Q & A with a Commissioner

07 June 2017

Appointed on 9 May 2017, VMC's newest Commissioner brings a lot to the role - a passion for community service, improving lives, celebrating difference and generating a sense of belonging.

We spoke to Mr Dinku to find out what inspires him and what he thinks the issues are, in between discussing his wealth of experience in securing employmnt for people from diverse backgrounds, formally recognising African Australian achievements and liaising with the African Union. 


What is your cultural/religious/linguistic background and how has this influenced your personal journey?


I was born and grew up in a country with its own unique identity, known as the origin of humankind, the birthplace of coffee, a place famous for its own alphabet, unique language and its own calendar with “thirteen months of Sunshine”. I was born in the Horn of Africa in a place previously named Abyssinia, now called Ethiopia. My understanding of cultural diversity is a journey that begins at a personal level among the culturally and linguistically diverse groups of my home country, and my own family.

I came to Australia as a migrant 11 years ago in the hope of securing my dream job as a lawyer to advocate and serve the community. Unfortunately, I was unable to achieve that due to the differences between the UK legal system and Australian legal systems. After two months and many job applications, I gave up and started searching for jobs in another profession. One month later I got my first job interview in Australia and landed a job which gave me the chance to serve and empower others by assisting settlement - finding jobs and improving lives for skilled migrants.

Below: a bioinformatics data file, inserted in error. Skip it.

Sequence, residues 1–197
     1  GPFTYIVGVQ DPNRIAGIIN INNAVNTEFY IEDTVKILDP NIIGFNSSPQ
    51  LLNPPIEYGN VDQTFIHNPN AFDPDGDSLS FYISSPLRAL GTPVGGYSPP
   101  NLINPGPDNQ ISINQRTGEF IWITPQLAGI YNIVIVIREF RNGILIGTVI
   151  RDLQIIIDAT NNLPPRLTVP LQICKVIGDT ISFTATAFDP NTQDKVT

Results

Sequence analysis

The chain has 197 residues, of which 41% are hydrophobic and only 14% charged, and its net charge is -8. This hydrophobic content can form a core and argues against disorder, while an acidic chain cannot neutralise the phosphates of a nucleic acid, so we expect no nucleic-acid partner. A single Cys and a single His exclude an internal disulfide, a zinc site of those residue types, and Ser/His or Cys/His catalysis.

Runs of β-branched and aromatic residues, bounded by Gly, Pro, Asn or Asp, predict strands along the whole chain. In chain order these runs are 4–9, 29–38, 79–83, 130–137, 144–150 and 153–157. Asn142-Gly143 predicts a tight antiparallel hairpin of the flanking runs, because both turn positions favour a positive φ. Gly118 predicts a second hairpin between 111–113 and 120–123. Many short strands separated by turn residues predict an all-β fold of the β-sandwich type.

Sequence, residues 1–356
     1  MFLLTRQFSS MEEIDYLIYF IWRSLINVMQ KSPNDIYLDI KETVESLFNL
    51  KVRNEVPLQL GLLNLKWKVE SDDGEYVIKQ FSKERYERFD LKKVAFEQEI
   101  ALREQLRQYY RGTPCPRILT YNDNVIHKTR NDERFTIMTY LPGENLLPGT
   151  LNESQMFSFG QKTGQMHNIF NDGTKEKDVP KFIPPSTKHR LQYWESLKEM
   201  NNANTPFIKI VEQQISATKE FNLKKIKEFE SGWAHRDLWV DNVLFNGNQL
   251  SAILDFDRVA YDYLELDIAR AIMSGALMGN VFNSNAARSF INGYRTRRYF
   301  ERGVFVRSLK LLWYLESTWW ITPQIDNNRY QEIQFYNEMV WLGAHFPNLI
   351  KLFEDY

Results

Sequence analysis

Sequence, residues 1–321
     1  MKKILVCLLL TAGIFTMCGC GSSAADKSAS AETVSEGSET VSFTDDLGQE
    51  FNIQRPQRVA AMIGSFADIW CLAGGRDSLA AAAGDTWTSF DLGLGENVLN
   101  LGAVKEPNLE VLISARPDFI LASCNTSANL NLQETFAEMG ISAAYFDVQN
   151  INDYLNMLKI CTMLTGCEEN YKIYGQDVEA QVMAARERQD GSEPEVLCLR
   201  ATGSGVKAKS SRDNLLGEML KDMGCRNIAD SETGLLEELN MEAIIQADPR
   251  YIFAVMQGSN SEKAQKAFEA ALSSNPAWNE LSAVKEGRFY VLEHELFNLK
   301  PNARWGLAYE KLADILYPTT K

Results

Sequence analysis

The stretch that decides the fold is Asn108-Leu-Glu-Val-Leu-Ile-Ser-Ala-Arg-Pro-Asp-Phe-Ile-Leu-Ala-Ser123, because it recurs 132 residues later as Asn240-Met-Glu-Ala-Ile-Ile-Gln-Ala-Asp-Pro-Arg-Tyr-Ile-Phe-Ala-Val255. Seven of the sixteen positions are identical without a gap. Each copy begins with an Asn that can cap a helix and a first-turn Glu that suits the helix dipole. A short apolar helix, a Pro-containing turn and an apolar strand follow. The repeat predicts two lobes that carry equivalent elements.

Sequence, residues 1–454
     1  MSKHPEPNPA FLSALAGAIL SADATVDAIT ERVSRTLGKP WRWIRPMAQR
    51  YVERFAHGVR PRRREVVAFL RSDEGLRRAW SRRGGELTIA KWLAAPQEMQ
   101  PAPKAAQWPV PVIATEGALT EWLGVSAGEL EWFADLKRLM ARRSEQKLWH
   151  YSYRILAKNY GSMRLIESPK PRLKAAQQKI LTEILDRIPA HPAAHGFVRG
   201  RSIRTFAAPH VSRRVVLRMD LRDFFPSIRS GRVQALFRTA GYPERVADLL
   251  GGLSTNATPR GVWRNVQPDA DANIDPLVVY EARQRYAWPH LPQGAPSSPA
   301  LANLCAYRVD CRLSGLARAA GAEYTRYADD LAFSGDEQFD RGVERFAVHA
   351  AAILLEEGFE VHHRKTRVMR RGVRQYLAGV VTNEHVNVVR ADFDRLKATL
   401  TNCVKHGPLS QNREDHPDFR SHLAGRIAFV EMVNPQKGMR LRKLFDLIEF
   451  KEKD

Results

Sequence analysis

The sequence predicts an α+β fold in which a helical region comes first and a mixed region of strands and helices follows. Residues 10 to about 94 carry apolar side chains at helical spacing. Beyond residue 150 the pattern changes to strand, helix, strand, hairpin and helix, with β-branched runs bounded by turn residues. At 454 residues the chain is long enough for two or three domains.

I was employed as a workforce participation consultant under a Victorian Government program called Workforce Participation Program (WPP) and was actively involved in establishing and delivering a specialised service for migrants and employers, aimed at equipping newly arrived migrants to compete in the local labour market. Since then, I’ve gone from role to role in different organisations. Despite many challenges, my experience in finding employment was one of the best compared with others – something that helped me to build the confidence to help others among multicultural communities.

My understanding of the needs of culturally diverse clients has developed from my own background, but also from the experience I gained in different parts of the world. For example, when I had the opportunity to live and study in Europe and learn so much about cultural, social, psychological, political, economic, and historical factors of diverse multicultural communities across the world.